World Party

“Put the Message in the Box” from Goodbye Jumbo

http://www.mediafire.com/?w2fle2z32z10o4j

It’s a pain in the ass to write long-winded meditations on whatever album stumbles into my psyche. Sometimes I just want to write about a single song. To be honest, family, fatherhood and teaching are the prime real estate in my life these days and rambling meanderings fall somewhere near the excavation of my cat litter somedays. Therefore, I plan on offering some miniature dioramas of whatever song digs a hole in my heart on a more regular basis than once a week. Considering the fact that I have disappeared for entire years from this blog, my word in swiss cheese, but optimism is my forte.

Anyhow, I always loved this song. At the time of its release in 1991, I was a misbegotten teen who somehow chased down the divergent pathways of Public Enemy, Boogie Down Productions, Eric B. and Rakim as well as a maudlin fascination with the Smiths, Galaxie 500 and the Cocteau Twins. Those are just the good bands I listened to. I make no claims to premature cool. God knows I also owned albums by MC Hammer and the Dead  Milkmen too. Anyhow, I found myself immediately transfixed by this song whenever it reared its derivative noggin on 120 Minutes on MTV one night. I purposely avoided all classic rock out of some misguided aesthetic of cool that was ill-defined and its eminently hummable 90s alt-rock take on Bob Dylan seemed like something kaleidoscopic and fantastical to my undefiled ears.

“Put the Message in the Box”is a paean to optimism. It is an ode to speaking your mind no matter the consequence. God knows it is a timely theme that should be revisited today. However, the instrumentation transforms the hippie sentiments of the band into something more transcendent than mere encouraging words set to song. World Party is basically made up of one man, Karl Wallinger, and he was quite an effective chameleon for awhile. He basically summons all of the anthemic power of early 70s Dylan and marries it to country-rock by way of 120 Minutes and it somehow works despite itself. It’s a beautiful sentiment married to an equally beautiful song. That’s all I ask for in this world.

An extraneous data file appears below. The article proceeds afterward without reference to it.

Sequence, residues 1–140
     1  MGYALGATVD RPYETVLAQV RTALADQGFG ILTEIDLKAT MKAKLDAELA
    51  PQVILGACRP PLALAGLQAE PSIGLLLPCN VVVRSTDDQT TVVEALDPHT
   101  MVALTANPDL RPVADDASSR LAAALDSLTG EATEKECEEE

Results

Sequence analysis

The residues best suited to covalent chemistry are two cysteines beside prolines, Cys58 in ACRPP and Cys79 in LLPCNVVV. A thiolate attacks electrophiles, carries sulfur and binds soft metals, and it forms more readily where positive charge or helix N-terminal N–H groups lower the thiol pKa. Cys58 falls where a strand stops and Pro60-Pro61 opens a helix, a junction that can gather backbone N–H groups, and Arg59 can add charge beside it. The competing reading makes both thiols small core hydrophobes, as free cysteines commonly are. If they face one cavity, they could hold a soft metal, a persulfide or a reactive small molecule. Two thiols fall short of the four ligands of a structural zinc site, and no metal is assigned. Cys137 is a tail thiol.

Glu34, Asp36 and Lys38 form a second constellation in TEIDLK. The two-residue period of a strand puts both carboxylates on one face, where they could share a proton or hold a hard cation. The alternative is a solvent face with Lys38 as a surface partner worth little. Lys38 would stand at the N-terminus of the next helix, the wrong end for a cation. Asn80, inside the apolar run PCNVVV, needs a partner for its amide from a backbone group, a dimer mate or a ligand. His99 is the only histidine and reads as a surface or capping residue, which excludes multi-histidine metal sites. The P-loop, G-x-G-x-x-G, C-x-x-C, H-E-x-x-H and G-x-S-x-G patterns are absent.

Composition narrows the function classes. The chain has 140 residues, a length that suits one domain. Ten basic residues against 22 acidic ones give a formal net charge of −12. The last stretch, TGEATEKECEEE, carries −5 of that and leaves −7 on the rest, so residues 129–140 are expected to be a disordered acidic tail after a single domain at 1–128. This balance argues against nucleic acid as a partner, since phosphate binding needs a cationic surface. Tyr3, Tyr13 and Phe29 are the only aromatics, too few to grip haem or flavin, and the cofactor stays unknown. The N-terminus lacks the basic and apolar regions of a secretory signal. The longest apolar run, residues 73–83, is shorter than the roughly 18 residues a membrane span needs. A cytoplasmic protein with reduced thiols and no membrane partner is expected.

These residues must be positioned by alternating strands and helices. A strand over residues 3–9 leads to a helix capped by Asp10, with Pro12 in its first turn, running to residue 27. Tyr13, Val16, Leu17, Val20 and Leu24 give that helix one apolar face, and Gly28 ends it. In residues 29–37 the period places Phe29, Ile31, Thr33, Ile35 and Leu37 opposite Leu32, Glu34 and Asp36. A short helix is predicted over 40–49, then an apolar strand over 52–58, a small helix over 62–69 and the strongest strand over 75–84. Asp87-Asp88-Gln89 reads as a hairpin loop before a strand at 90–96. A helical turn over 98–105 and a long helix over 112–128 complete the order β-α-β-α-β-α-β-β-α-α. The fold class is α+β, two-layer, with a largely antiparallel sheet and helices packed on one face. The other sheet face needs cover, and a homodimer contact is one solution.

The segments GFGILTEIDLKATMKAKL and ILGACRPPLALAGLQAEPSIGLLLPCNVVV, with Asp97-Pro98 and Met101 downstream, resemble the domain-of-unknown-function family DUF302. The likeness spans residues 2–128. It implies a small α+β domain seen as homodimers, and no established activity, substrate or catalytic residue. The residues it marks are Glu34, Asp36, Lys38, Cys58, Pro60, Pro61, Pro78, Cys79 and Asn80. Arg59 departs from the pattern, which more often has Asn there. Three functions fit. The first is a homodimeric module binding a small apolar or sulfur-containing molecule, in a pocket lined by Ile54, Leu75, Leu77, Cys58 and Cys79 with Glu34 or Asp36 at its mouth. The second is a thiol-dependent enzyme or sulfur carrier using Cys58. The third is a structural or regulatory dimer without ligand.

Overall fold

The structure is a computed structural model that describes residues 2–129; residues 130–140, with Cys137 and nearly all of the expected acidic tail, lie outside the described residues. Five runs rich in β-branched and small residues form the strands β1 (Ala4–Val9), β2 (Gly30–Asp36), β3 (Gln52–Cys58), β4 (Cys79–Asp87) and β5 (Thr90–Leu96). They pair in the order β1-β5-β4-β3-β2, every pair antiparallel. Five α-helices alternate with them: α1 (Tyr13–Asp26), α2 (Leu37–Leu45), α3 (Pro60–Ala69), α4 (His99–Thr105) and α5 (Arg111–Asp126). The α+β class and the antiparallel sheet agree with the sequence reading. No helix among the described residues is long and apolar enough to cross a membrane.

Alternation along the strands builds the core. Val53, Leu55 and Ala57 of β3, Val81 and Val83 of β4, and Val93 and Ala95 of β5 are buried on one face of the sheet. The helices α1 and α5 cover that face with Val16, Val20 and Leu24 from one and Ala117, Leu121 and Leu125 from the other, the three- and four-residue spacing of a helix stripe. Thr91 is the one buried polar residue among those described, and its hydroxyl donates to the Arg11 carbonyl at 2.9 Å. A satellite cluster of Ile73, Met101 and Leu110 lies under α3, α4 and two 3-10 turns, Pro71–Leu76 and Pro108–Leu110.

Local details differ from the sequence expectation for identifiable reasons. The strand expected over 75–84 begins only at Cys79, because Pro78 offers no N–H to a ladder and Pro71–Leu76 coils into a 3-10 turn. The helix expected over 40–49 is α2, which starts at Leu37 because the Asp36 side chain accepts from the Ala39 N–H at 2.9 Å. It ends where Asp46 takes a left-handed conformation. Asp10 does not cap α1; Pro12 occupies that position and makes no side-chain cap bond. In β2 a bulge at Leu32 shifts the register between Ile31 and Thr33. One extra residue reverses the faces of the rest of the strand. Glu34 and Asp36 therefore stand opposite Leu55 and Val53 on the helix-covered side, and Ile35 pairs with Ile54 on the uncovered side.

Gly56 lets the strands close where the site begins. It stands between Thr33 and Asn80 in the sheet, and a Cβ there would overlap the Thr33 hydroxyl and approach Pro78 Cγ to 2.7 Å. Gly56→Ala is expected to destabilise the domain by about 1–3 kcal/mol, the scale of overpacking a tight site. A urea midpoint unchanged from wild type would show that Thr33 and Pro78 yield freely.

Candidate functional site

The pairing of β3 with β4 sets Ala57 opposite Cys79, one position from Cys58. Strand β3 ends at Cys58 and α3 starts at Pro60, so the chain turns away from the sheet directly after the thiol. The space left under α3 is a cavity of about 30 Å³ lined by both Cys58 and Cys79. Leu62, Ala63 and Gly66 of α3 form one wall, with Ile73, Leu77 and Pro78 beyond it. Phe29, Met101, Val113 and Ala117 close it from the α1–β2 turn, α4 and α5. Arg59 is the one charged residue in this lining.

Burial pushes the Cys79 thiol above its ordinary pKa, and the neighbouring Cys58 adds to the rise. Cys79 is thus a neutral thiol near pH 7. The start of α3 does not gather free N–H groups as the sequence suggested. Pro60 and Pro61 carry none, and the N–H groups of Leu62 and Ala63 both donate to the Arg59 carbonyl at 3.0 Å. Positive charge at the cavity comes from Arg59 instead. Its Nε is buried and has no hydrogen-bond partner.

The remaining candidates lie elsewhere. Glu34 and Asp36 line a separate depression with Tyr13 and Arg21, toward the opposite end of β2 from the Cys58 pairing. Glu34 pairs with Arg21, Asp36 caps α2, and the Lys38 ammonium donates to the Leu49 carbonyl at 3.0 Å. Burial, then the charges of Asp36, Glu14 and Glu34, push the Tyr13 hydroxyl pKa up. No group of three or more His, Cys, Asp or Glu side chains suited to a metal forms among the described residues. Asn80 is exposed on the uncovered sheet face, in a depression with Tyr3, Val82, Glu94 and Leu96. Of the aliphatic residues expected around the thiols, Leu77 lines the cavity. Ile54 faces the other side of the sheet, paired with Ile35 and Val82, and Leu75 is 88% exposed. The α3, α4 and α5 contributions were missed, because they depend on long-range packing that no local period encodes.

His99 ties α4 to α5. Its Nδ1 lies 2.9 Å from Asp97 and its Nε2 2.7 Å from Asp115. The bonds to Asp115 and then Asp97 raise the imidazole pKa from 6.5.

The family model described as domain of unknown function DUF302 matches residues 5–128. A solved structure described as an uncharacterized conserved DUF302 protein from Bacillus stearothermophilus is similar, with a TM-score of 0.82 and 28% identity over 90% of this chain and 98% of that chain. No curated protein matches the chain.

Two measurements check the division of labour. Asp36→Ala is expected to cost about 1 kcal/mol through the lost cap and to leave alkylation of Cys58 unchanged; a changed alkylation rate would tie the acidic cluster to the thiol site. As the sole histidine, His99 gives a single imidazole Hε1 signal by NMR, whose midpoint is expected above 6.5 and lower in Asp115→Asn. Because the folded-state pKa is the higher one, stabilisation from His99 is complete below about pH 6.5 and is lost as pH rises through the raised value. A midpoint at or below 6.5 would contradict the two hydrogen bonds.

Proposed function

Jennyanykind

Revelater (Elektra 1996)

http://www.mediafire.com/?mt0ddyvcbnu

The major label frenzy to sign anyone within sniffing distance of your Nirvanas and Sonic Youths resulted in greater exposure for some and ruin for others. Were advertisements in shitty rags, MTV airplay and product placement in the rural malls really going to make Jennyanykind, Scrawl, Jesus Lizard and Jawbox more palatable to most folks? Hell, most of these bands weren’t even palatable to me by this point.

I have no clue why a major label like Elektra decided to sign a band that was enamored by Jesus Christ, Jerry Garcia, Quicksilver Messenger Service, Howling Wolf, Flaming Lips and Pink Floyd and market it as an indie-rock album. Sure, their work had a raw, punky edge at times and their earliest work was released by the No. 6 label(Beme Seed, Crystallized Movements, Luna, Nada Surf, etc), but this was surely a big ass square block in a teensy-weensy round hole. It’s a shame since Revelater cuts the fat from their meandering jams and rants which results in bizarre southern rock songs about the apocalypse, humility in the face of god’s power, the dangers of a sinful life and repentance.

This isn’t a shtick–No sight of high pitched whines and tree costumes ala Danielson. Michael Holland’s lyrics are earnest explorations of his own struggles with faith and the misdeeds of his past. He comes off as troubled and angry on half of the tracks while the other half play loose and fancy free with light-hearted hippie psych that wouldn’t sound out of place on an early 70s Dead record. I’m more interested in the angry, conflicted side of Holland that searches for meaning in the universe in a three-minute pop song on his major label debut. What were they thinking? It was commercial suicide and sit kind of sunk the band for good. Yes, they released many more albums, but they sort of blew their cosmic, soul searching load on this one.

Revelater got no respect from anyone. Its been dismissed by hipsters, hippies and christian rockers alike. However, I believe it may be one of the most underrated albums to result from the major label feeding frenzy of the 90s. Revelater is a fried, almost paranoid ode to the power of a vengeful god masquerading as an indie-rock album. Love it to death and like most of this band’s work. i’ll be posting more this week.